Gary Vaynerchuck is one of the most sought after public speakers in the business world, offering his insights on entrepreneurship and the digital media landscape at the helm of his company, VaynerMedia, a full-service digital agency servicing Fortune 500 clients.
Gary is accompanied throughout the entire day by his personal videographer David Rock, nicknamed D-Rock, who films his boss during meetings with staff and clients, as well as guests including famous athletes, actors and social media stars.
The serial entrepreneur, author, speaker and Internet personality who launched his career tasting wine for years online, has a popular Ted Talk titled “Do what you love (no excuses!)”. In the 90’s, Vaynerchuck rose to prominence after establishing one of the first e-commerce wine sites, called WineLibrary, where he helped grow his family business from $4 to $460MM in sales.
As the digital advertising landscape booms and evolves, the venture capitalist, four time New York Times bestselling author and early investor in high-flying tech firms such as Twitter, Tumblr, Venmo and Uber, must navigate his company through the disruption, or risk being beaten out by next-gen software providers.
According to market research firm Statista, global spending on digital advertising is expected to reach $336 billion by 2020, up from $229 billion in 2017. At the same time, some of the world’s largest brands are looking to trim down their digital advertising budgets, demanding more out of their efforts by putting pressure on platforms and asking more out of agencies. A recent story published on AdWeek noted that last year, consumer behemoth P&G cut $200 million in spend to reinvest into areas with “media reach” including TV, audio and e-commerce. P&G reportedly reduced spending with “several big ad players” by 20% to 50%, helping reduce 20% of ineffective marketing and increase reach by 10%.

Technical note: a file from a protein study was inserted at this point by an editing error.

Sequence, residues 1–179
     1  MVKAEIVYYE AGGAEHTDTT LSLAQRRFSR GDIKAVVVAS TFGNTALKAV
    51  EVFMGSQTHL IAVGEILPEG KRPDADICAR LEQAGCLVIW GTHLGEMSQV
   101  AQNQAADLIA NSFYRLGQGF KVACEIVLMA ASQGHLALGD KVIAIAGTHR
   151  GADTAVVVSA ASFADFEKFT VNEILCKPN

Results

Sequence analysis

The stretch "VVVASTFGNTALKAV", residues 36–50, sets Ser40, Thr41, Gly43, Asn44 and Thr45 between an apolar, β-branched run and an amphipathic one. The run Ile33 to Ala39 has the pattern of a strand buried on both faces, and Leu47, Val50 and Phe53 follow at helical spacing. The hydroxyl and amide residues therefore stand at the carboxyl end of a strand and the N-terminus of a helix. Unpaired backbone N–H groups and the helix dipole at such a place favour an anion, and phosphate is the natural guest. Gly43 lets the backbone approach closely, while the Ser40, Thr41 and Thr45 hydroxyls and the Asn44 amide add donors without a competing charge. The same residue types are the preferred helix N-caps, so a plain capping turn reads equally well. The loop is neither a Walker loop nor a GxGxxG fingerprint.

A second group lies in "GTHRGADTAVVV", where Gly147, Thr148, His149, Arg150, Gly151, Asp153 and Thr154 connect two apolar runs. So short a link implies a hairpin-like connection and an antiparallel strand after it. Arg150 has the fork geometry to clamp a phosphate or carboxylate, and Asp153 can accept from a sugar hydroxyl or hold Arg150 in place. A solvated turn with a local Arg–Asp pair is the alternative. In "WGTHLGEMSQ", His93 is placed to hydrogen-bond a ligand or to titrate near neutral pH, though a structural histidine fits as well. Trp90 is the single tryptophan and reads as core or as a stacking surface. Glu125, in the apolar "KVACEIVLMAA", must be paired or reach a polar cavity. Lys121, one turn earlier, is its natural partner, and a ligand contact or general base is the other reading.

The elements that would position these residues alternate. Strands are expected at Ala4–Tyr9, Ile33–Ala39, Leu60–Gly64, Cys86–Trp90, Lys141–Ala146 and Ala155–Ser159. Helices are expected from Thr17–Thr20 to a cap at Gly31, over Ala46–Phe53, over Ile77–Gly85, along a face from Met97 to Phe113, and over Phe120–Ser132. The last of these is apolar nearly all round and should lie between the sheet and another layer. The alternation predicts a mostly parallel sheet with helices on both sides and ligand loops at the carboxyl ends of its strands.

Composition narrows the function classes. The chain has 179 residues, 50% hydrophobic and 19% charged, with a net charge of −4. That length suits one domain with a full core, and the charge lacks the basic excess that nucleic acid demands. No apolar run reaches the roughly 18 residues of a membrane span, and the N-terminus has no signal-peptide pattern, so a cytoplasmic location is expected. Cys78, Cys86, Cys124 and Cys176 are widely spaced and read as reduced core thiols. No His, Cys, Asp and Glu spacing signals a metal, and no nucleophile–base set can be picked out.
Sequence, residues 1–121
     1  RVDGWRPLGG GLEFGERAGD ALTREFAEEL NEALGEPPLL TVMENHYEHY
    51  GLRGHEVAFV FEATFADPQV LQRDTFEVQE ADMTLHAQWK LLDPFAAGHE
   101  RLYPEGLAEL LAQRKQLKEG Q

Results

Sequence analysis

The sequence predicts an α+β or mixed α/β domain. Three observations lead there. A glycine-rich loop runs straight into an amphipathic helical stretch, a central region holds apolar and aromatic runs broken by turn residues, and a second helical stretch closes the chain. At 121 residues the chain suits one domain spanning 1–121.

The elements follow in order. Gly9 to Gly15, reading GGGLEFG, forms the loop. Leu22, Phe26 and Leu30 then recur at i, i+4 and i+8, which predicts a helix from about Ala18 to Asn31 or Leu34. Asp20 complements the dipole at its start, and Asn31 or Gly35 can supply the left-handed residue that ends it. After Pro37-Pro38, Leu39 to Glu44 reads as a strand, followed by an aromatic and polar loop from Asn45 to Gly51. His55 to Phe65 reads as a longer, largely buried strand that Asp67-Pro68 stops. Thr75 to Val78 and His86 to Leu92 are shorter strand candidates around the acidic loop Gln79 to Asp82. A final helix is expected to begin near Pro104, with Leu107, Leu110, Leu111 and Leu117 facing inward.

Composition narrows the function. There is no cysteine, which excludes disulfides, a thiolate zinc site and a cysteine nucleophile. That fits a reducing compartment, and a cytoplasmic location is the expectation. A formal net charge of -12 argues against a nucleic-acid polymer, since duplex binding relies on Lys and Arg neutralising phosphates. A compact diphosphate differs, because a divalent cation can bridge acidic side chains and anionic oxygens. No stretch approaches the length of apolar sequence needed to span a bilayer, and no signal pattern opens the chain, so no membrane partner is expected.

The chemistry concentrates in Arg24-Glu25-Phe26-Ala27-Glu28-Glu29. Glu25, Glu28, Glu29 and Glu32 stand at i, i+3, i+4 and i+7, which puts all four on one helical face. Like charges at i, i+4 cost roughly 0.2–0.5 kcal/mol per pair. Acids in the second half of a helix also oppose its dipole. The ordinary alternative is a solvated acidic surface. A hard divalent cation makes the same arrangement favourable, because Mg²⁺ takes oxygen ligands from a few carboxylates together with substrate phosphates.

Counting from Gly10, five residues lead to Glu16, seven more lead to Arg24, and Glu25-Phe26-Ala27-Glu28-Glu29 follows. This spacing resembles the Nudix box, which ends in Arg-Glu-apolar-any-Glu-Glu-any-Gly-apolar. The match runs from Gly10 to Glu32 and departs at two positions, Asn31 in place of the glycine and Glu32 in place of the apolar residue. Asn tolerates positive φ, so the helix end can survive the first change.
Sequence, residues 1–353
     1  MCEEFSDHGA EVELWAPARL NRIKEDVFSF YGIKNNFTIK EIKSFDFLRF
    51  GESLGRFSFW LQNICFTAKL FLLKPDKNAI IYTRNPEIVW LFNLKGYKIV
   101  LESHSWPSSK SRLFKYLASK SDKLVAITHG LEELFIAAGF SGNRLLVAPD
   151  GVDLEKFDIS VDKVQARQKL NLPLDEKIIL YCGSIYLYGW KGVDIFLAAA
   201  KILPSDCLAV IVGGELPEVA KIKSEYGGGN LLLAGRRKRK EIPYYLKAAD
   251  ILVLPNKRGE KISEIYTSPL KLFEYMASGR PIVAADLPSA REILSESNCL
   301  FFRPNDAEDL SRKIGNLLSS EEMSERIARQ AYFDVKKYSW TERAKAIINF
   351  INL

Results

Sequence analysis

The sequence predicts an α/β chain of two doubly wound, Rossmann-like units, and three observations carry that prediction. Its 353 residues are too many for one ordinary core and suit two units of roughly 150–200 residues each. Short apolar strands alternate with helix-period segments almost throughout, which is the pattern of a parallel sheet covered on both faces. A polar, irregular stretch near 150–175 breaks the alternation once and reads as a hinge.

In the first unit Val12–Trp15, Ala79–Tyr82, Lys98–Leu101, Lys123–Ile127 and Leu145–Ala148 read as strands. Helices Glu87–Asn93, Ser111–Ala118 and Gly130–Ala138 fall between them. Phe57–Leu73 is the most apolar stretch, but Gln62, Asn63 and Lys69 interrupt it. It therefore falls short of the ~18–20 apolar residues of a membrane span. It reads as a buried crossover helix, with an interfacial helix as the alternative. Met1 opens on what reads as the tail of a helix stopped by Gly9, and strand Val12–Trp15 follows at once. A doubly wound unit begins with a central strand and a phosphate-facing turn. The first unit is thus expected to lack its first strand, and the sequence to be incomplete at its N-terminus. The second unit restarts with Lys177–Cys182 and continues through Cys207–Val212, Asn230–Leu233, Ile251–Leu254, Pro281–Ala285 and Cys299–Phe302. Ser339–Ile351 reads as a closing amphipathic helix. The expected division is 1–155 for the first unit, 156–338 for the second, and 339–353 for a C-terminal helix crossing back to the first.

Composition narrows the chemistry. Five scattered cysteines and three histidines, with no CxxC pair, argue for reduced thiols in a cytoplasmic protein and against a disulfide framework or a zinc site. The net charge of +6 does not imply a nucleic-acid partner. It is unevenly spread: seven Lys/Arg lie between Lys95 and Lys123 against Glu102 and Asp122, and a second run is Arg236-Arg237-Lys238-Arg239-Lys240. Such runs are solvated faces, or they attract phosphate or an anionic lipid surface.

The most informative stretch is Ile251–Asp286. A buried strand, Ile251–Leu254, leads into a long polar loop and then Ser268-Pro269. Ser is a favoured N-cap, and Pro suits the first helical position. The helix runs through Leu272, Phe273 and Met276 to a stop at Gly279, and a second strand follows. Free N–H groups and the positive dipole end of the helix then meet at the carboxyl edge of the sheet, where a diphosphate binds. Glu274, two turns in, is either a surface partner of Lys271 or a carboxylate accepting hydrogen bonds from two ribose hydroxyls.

The pressure on advertising agencies to offer up more tangible results and introduce a new level of transparency has spurred digital technology innovation. Last year, VaynerMedia made its first attempt to sell ad-tech software to brands with a new tool called Greenman, which was used internally by the agency for two years before the company decided to offer it directly to clients. The Greenman dashboard tracks clients’ social spend and pulls together campaign analytics across multiple platforms such as Facebook, Instagram, LinkedIn, Google and Snapchat. Greenman plugs into each platform's API and integrates with digital measurement vendor Moat.
While brands still rely heavily on VaynerMedia for ad buying, new ad-tech should appeal to a growing number of advertisers seeking control and insight into where, and how effectively, their money is being spent.